Monday, June 15, 2009

Class of 89 - Garth Brooks

In honor of the 20th anniversary of debut of Country Music Class of 89, I am writing a series of posts on each of the artists. I am including those artists who debuted in 1989 – Garth Brooks, Alan Jackson, Clint Black, Travis Tritt, and Mary Chapin Carpenter. I am also including artists – Vince Gill and Lorrie Morgan – who had their first true commercial impact in 1989.

Decided to do two post today. This post will be on Garth Brooks.

Garth Brooks seems like a complicated figure, but he is not. Garth Brooks is simply a performer. He is not a singer or a songwriter though those are part of his performer makeup. He is an artist, but he is a performance artist not a music artist. Garth Brooks is all about the performance – not just when performs music in concert, but when he holds a news conference, makes an appearance, or even seems to go into retirement.

When Garth debuted in 1989 he seemed an unlikely success story. But by the time his back to back career hits “The Dance” and “Friends in Low Places” had finished their runs at #1, he was more than a success story – he had altered how people perceived country music.

A truly great performer needs to command a stage. Garth Brooks commanded the stage. Whether he was singing alone with nothing but a guitar before a rapt audience of 50,000 or swinging from ropes above the same 50,000, Garth commanded attention. Garth had the ability to make even the person in the last row feel like they was part of the performance. Garth insisted they be part of his performance.

In 1996 Garth did not just sign autographs for people at Country Music’s Fan Fair for a couple of hours. He signed till everyone who wanted one got one even if it meant staying 23 straight hours. He was a performer; he could let the audience down. When he arrived for that autograph signing he did not come in limo with body guards. He drove his pickup truck right through the crowd then hopped out and walk right through the crowd which parted before him, awe at the sight of this superstar who seemed to be so real yet to transcendent.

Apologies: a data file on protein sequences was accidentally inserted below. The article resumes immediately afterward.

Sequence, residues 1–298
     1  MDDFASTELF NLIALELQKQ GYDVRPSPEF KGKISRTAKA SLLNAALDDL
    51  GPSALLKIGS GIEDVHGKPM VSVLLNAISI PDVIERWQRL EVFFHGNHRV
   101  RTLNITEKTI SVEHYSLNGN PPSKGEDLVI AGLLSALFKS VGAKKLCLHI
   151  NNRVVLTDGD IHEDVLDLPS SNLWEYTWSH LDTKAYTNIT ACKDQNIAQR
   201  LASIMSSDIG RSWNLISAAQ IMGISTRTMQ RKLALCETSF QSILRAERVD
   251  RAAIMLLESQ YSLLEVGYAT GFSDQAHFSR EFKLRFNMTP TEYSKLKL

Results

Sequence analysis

I was always impressed to see when he won an award that was presented to him by a female he would remove his cowboy hat from his head. He was ever the gentleman, ever the heroic figure in the performance.

This is what people missed about Garth Brooks. It was never about his supposed rock concert performances. Other country artists before him (Hank Williams Jr.) and after him (Brooks & Dunn, Shania Twain, others) have performed rock like concerts, but they lack the mythos of Garth. Garth the heroic figure in the center of a never ending performance – the performance is not about the music, but the man. Garth is the performance, the songs are about him. He is the central figure in a never ending opera that continues on from the concert stage. His fans clung to his saga making it their own.

Garth climbed to the highest peaks; he sold the most albums, won the biggest awards, had the highest rated television specials a country artist ever had, brought country music to its highest heights. Yet once you get to the top you have to come down. Garth saw the drop coming, rode it out for awhile then decided the performance was over. He retired. Once in a while he comes out of retirement for brief moment back in the spotlight, but it is not the same. The audience is not what it once was.

Garth Brooks made country music better, he made it worse. He exposed country music to new audience made it new fans. He destroyed country music by making it too commercial; driving his successors to make it more like pop music in order to make it sell like Garth’s sold.

I like Garth Brooks’ singing. He has a great voice. I like “Much Too Young (To be This Damn Old)”, “The Dance”, “Friends in Low Places” and “The Thunder Rolls”; but since his second album “No Fences” his music has been ordinary. Garth simply became too much about Garth and not enough about the music. Too bad really Garth could have made some interesting and bold albums. Instead his only real attempt at doing something different he created an alter ego name Chris Gaines. Maybe Garth Brooks felt it would be anti-heroic to put out something other than was expected of him. If so, I think he was wrong.

Garth Brooks does not allow his music videos on YouTube or any other video site. Even CMT is not allowed to have any. Garth does not let his music on itunes. Instead Garth keeps his music only available on his album. He releases compilation albums of his old hits and include 3 or 4 new songs on them. Maybe it is his way of ensure good albums sales. Whatever his reasons, I think it is a mistake. He should allow fans to views his video; hear his songs on the Web. He might be surprise, people might really enjoy the performance.